This is our seventeenth NaNoWriMo Tip of the Day. To help GalleyCat readers take on the challenge of writing a draft for a 50,000-word novel in 30 days, we will be offering advice throughout the entire month.

NaNoWriMo Tip #16: Write What You Don’t Know

Do you want to take your NaNoWriMo story in an unfamiliar direction? Back in 2013, Toni Morrison and Junot Díaz headlined a “Live From the NYPL” event.

The video embedded above features the entire conversation. During the discussion, Morrison shared this thought:

“I tell my students; I tell everybody this. When I begin a creative writing class I say, I know you’ve heard all your life, ‘Write what you know.’ Well I am here to tell you, You don’t know nothing. So do not write what you know. Think up something else. Write about a young Mexican woman working in a restaurant and can’t speak English. Or write about a famous mistress in Paris who’s down on her luck.”

This is our sixteenth NaNoWriMo Tip of the Day. To help GalleyCat readers take on the challenge of writing a draft for a 50,000-word novel in 30 days, we will be offering advice throughout the entire month.

Dictionary.com Picks ‘Exposure’ as 2014 Word of the Year

Dictionary.com has picked “exposure” as its 2014 Word of the Year. The video embedded above shares details about the major events that occurred throughout this year that prompted this choice. The website has listed the following four definitions for this word:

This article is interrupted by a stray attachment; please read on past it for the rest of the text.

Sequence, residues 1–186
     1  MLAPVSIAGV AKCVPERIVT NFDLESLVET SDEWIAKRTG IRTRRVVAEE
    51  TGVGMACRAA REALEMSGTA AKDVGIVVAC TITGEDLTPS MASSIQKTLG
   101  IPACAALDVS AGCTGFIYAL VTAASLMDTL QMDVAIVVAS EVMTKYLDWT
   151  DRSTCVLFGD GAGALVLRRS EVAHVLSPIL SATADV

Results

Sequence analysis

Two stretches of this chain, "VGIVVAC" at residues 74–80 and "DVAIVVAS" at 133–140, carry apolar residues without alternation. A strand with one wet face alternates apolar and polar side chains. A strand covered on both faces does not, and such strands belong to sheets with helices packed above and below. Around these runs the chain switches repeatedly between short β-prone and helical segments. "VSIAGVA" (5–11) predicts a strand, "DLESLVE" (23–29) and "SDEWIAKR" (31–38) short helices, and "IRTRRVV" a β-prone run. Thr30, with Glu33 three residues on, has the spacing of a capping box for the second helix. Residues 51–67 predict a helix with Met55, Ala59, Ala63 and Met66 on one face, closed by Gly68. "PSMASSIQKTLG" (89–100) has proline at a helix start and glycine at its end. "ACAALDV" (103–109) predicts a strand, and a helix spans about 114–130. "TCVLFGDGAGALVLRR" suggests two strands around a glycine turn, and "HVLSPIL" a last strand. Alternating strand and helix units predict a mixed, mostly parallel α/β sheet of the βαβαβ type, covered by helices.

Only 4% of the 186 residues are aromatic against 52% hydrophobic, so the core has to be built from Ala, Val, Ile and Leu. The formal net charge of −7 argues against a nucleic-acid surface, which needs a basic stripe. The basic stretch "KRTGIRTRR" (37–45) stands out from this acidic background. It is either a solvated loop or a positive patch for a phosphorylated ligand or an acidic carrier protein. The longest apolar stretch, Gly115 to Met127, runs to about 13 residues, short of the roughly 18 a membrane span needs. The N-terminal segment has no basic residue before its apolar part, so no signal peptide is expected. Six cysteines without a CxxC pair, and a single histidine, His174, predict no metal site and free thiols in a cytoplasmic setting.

• The condition of being exposed to danger or harm.
  • The act of bringing to public attention, especially through media coverage; publicity.
  • An act or instance of bringing to light, revealing, or unmasking crime, misconduct, or evil.
  • Disclosure of something private or secret.

Here’s more from the Dictionary.com blog: “From the pervading sense of vulnerability surrounding Ebola to the visibility into acts of crime or misconduct that ignited critical conversations about race, gender, and violence, various senses of exposure were out in the open this year. How did you see exposure in the news?” What do you think about this selection?

Hey Indie eBook Authors, Here’s How to Succeed

Smashwords

Smashwords

Attention, indie ebook authors. Mark Coker at Smashwords wants you to know that there’s never been a better time to be you. He writes, “Thanks to an ever-growing global market for your ebooks, your books are a couple clicks away from over one billion potential readers on smartphones, tablets and e-readers. In the world of eBooks, the playing field is tilted to the indie author’s advantage.”

Then, the wake-up call. Coker goes on to report that “the gravy train of exponential sales growth is over,” with indie (self-published) authors seeing “significant” sales decline at Amazon, especially since the July launch of Kindle Unlimited. He had predicted the slowdown and attributes it to the glut of high-quality low-cost eBooks, the increasing rate of eBook supply outpacing demand, and the slowing, much-discussed transition from print to eBooks. Read more